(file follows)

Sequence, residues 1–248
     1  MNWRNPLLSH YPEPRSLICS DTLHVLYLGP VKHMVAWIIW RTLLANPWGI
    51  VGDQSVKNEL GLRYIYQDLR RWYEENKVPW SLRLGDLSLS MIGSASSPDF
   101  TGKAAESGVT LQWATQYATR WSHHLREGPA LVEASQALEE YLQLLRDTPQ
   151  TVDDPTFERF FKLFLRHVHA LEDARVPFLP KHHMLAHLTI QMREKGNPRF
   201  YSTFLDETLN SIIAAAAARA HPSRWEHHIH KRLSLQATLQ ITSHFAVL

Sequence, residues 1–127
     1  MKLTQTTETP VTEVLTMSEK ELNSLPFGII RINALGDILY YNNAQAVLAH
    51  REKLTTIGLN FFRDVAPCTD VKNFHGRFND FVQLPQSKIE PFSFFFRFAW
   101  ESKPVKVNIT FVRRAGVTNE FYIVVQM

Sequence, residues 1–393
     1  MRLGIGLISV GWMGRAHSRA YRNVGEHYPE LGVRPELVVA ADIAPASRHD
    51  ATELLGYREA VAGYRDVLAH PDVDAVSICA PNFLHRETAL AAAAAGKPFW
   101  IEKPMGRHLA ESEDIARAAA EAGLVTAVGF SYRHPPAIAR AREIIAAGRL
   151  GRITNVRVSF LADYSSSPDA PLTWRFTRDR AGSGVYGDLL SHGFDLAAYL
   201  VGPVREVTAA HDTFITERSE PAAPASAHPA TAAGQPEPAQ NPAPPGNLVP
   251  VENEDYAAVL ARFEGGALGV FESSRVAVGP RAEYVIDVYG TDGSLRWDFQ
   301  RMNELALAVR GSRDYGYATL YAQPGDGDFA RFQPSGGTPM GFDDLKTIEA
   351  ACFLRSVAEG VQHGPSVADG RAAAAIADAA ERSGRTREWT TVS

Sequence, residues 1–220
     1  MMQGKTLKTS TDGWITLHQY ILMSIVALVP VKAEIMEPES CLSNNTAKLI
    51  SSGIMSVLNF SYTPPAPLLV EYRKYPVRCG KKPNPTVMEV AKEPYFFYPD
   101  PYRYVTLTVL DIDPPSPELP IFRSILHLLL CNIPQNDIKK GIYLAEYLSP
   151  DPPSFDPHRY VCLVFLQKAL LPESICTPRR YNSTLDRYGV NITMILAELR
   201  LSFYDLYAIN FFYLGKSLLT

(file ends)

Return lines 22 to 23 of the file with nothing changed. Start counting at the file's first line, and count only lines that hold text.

    51  SSGIMSVLNF SYTPPAPLLV EYRKYPVRCG KKPNPTVMEV AKEPYFFYPD
   101  PYRYVTLTVL DIDPPSPELP IFRSILHLLL CNIPQNDIKK GIYLAEYLSP